We’ve heard again and again how the recently launched World of Warcraft: Classic was going to “fix” the MMO community by stripping away modern sensibilities and conveniences. It’s going to “fix” everything that WoW retail broke. WoWC is just most recent example that springs to mind, but we’ve heard again and again over the years that “this new game is going to make the community better because it has X feature (or doesn’t have X feature).” We pretend that, somehow, the new thing is going to magically make people be part of a real community again.
I’m sorry to say this, but that’s not how this works. Your game, no matter the features or the lack of features, is not going to fix a community that so often resorts to social media rage campaigns at the slightest provocation, that doesn’t talk in groups in spite of being presented ample opportunity to do so, that wages mod blacklist wars over streamers and rival guilds. No game or feature can cure that mentality, that just like no game or feature created that mentality. Much like the Homer Simpson quote about beer, the MMO community is the cause of, and the solution to, all of our own problems.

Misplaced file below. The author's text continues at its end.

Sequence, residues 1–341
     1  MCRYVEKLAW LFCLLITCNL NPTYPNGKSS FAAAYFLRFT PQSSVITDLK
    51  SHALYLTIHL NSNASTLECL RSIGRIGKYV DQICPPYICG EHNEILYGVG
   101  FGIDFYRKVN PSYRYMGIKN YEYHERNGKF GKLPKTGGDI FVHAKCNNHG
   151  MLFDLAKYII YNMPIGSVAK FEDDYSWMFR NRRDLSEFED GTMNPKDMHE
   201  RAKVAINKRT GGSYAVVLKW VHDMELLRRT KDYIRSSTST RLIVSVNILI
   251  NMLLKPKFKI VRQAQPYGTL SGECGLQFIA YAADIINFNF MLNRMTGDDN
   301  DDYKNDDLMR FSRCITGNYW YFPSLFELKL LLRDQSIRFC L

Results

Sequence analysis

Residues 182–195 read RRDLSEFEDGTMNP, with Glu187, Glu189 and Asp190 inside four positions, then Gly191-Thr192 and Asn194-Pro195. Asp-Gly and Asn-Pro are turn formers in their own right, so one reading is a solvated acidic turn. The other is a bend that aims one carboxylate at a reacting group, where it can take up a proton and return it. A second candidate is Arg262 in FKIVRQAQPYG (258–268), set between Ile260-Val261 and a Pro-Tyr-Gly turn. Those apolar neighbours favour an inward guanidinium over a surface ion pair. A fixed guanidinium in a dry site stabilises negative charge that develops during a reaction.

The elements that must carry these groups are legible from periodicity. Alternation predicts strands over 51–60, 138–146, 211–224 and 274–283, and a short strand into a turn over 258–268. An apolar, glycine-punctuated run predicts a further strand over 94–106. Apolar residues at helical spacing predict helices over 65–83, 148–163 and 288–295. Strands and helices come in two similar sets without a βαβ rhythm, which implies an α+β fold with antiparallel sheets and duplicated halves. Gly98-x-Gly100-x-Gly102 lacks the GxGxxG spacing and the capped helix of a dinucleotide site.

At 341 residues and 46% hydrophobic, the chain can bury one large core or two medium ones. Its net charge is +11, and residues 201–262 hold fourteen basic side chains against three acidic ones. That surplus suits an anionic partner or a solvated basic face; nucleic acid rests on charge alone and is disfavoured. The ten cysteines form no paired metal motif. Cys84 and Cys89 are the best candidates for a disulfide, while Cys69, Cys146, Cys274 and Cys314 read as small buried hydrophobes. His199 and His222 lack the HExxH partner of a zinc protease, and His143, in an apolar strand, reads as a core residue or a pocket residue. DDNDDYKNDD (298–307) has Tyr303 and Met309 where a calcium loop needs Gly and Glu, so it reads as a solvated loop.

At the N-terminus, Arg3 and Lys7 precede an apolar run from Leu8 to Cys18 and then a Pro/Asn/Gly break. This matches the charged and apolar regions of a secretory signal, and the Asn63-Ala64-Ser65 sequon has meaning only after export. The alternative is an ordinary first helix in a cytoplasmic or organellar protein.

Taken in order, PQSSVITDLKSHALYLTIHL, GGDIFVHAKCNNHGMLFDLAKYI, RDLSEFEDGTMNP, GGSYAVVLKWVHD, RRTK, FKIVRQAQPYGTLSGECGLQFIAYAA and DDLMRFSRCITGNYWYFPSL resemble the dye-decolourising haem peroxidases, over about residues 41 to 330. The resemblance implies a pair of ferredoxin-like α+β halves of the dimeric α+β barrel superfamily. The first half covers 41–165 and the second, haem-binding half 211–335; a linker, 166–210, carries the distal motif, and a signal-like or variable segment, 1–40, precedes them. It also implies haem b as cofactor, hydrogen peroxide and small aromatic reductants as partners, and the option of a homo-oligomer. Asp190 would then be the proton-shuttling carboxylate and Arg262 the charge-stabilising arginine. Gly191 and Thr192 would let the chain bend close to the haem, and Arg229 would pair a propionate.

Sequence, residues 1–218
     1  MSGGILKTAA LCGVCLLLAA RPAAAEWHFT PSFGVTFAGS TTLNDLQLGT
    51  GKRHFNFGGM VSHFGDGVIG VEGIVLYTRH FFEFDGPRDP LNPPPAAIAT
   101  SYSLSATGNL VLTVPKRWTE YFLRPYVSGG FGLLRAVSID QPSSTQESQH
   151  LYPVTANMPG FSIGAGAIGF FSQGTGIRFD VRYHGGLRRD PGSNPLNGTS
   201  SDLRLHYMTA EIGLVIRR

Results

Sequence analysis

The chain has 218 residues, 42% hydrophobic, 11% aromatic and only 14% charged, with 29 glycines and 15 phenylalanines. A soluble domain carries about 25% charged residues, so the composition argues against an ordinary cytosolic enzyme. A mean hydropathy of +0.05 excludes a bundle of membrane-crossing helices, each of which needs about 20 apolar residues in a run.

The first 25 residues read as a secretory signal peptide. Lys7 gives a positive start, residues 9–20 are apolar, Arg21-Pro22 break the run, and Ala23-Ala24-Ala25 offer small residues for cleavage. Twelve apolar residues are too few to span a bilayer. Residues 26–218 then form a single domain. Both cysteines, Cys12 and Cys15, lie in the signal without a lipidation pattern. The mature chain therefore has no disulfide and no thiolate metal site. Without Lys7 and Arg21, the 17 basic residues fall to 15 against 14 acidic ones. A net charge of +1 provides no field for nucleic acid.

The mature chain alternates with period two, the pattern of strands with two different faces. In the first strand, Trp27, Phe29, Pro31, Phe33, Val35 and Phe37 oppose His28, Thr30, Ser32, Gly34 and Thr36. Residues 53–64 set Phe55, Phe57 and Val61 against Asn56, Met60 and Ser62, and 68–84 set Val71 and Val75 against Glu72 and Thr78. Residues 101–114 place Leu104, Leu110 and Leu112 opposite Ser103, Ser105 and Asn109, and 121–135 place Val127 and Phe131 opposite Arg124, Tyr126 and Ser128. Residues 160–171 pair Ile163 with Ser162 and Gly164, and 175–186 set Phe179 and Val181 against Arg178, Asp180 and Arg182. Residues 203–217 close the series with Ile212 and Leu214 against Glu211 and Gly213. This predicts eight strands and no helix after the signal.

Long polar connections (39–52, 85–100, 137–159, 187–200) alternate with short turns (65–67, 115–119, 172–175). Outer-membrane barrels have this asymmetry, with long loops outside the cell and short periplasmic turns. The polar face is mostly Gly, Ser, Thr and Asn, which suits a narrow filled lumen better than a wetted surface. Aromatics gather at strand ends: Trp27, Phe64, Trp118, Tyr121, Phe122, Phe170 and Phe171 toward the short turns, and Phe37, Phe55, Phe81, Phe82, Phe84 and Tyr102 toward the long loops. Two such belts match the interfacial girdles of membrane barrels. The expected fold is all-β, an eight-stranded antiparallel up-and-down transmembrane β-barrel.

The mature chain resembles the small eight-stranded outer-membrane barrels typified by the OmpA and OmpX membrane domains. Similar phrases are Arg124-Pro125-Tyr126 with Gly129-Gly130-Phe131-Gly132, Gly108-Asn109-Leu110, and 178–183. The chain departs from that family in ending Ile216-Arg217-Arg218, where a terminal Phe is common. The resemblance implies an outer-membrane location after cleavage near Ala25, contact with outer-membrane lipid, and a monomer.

While MMO design may incentivize bad behaviors or anti-social behaviors, it’s really the community that decides whether to cash in on those incentives. In retail WoW, there’s nothing stopping you from taking the time to read the quest text, yet many people don’t. There’s nothing stopping you from turning off quest tracking, and yet many people don’t. There’s nothing stopping you from talking in groups, and yet many people don’t. It’s the community, not the feature, that decides whether some behavior is acceptable or not. Offering fewer options for how to play an MMO isn’t cruise control for a good community.